IOWA — Some observers refer to the eastern portion of the state that follows the Mississippi River as the blue-collar basin. It’s a union heavy region, dotted with that great monument to lost jobs, the riverboat casino. It is here that Representative Dick Gephardt seems very at ease.
At meetings in Davenport, Bellevue, and Dubuque, the union members respond warmly to Gephardt. Granted, he throws them a lot of red meat: NAFTA represents “a race to the bottom trade policy,” and results in “human exploitation.”
None of the events look at all like the excitement of a Howard Dean event, yet there is a palpable, if quiet, enthusiasm that permeates all of the crowds (in most cases standing-room-only) that come to these events. These are Gephardt’s people.
Little wonder then that recent polls in Iowa show Gephardt has regained the lead from Howard Dean. However, the former minority leader is expected to win in this state, so a victory in the caucuses won’t be any surprise. The question is whether the Gephardt campaign can command a large following beyond the ethanol state.
Bill Burton, Gephardt’s spokesman in Iowa, is optimistic that it can. “We’ve got some good union states coming up right after New Hampshire, including South Carolina, Oklahoma, and Michigan,” he says. When asked about AFSCME’s and SEIU’s endorsement of Dean, Burton seems nonchalant: “We’ve got 21 union endorsements, far more than any other candidate. Among those we have the United Auto Workers and the Teamsters, which is very good for us in Michigan.”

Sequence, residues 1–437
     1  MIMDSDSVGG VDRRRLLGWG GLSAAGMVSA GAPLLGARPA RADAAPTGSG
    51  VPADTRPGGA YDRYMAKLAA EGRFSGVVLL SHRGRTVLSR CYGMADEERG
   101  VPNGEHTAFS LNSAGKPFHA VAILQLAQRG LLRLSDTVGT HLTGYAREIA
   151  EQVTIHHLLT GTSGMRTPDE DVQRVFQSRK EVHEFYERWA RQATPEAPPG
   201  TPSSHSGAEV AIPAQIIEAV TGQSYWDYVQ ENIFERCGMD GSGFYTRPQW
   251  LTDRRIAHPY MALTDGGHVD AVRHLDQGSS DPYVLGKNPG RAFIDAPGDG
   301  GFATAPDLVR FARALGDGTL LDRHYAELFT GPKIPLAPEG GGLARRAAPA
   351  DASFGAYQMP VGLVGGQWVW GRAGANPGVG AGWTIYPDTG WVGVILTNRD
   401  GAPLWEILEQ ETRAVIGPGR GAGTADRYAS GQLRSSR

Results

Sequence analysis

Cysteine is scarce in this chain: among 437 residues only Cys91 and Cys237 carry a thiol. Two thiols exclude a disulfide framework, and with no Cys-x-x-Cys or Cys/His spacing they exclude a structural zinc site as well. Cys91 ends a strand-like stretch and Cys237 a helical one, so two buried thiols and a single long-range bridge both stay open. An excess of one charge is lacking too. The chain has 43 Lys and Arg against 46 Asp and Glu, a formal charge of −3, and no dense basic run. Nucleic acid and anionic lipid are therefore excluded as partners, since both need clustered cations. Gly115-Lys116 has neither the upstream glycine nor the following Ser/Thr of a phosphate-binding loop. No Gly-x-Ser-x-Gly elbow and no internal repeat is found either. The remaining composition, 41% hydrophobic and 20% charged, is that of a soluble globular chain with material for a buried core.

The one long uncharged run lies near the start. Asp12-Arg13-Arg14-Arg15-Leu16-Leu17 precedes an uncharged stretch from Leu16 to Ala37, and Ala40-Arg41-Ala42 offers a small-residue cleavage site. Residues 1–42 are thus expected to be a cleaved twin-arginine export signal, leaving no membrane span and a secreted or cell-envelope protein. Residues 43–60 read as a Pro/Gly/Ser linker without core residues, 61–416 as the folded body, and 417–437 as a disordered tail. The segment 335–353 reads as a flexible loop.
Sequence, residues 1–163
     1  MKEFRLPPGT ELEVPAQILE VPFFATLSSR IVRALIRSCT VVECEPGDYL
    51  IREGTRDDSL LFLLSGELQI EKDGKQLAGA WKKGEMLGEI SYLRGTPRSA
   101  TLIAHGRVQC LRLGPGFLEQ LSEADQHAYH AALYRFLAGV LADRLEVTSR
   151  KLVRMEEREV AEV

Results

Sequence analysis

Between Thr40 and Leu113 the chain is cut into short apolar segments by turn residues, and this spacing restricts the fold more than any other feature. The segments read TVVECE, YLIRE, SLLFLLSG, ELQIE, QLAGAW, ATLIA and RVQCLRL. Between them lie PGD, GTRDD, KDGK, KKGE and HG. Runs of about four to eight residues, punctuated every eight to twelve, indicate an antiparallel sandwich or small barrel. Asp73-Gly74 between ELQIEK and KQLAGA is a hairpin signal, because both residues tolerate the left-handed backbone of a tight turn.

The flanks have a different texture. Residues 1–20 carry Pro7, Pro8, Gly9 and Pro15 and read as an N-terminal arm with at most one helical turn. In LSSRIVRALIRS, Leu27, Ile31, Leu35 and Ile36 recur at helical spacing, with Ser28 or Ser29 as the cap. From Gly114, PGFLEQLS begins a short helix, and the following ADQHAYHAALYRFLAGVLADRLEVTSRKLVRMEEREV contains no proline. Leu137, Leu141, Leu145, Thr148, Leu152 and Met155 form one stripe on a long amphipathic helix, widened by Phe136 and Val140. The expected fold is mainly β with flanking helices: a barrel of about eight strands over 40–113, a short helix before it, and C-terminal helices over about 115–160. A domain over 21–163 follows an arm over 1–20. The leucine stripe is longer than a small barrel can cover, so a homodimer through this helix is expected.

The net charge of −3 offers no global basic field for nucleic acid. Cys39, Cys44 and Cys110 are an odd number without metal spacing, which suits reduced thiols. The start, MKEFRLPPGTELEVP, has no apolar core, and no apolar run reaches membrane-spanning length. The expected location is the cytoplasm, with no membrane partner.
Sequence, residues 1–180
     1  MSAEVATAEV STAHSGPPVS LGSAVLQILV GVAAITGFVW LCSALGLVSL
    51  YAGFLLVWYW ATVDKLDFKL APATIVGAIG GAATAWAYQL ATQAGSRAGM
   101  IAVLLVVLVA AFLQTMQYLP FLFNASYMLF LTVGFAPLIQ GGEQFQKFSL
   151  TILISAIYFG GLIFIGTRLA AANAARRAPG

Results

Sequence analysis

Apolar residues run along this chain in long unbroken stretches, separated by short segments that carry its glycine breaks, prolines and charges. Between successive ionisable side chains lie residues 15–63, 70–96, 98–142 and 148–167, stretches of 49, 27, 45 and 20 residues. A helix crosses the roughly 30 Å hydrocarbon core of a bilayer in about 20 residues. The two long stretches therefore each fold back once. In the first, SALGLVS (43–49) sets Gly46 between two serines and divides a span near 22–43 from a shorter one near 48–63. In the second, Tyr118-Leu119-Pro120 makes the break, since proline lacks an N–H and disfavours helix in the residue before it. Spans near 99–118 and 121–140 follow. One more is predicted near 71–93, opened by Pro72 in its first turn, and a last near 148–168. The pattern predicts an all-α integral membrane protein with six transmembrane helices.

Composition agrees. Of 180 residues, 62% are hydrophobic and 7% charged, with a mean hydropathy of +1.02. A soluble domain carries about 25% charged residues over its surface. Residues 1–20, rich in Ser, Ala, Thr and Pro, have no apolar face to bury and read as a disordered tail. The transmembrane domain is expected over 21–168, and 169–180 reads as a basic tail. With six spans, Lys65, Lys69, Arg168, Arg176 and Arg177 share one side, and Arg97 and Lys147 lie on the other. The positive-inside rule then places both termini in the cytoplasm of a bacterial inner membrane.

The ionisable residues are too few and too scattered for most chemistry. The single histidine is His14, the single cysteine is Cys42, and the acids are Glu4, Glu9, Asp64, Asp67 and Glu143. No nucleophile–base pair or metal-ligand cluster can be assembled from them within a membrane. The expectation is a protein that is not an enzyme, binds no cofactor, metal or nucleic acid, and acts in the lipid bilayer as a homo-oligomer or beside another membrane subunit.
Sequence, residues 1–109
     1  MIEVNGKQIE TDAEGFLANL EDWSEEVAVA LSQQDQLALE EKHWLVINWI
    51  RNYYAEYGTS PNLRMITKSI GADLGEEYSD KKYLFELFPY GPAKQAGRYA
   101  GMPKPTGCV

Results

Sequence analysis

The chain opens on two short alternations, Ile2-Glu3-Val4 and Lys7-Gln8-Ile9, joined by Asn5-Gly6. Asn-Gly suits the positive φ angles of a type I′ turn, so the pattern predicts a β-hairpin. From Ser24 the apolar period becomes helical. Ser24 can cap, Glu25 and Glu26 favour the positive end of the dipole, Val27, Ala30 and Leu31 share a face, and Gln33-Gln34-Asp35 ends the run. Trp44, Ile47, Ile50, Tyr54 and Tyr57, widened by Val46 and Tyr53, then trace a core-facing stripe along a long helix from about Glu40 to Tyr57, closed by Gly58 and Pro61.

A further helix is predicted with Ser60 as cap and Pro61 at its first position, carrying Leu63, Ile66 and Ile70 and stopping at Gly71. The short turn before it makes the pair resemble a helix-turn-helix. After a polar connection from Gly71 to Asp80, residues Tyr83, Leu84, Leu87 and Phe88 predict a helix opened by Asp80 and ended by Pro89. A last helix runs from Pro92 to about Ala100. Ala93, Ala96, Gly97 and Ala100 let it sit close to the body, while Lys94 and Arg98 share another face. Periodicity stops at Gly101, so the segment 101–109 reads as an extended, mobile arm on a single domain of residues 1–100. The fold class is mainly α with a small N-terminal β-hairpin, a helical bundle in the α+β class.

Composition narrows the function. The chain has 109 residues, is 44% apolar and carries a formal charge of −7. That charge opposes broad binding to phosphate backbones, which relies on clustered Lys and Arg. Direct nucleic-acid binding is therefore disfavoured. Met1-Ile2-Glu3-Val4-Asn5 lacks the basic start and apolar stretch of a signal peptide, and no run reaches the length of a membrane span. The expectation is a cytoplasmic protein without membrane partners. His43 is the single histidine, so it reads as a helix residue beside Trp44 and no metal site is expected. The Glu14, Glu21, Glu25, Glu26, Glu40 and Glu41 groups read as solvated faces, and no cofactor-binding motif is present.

And he has a point. If union members elsewhere respond as well to Gephardt as they do here, it will certainly give him a leg up in many of the states that follow New Hampshire in the primary season.
But Gephardt’s union appeal may not be enough to help him emerge as the serious challenge to Dean. A woman named Karen at the event in Davenport hit on some of the limitations of Gephardt’s union support. Describing herself as a stay-at-home-mom Democrat, she said she was “shopping around for a candidate.”
Thus far, she was most impressed with Dean and John Kerry, although she criticized Dean’s approach as “kitschy.” Karen attended the Gephardt event because she wanted to see if he “could appeal outside the unions. You can’t win with only union people. He has to generate a message that is broad enough.”
On Saturday Gephardt was definitely trying to broaden his appeal among primary Democrats. The Dean-style Bush bashing was on display. To wit:
• “I’ve served with five presidents. He’s by far the worst. I’m nostalgic for Ronald Reagan. It is that bad. I’m not exaggerating.”
• “The only way Leave-No-Child behind works is to leave George Bush behind.”
• Bush “is arrogant. He’s a cowboy.”
• “If you’d been meeting with Bush every week since September 11, you’d be running for president too.”
Gephardt is at his best when talking about health-care and trade, but he seems increasingly comfortable with his anti-Bush shtick. If it gets even better (i.e., harsher and more shrill) than it was last Saturday, he could steal away some of Dean’s hard-core anti-Bushites. That, combined with his union support, and he could easily give Dean heartburn.
The CW among pundits is that if Gephardt could win in the primaries he would be a much better candidate than Dean for the general. But Saturday didn’t do much to support this belief. It is likely at this point that Gephardt would hinge his general election campaign on his lavish health-care plan.
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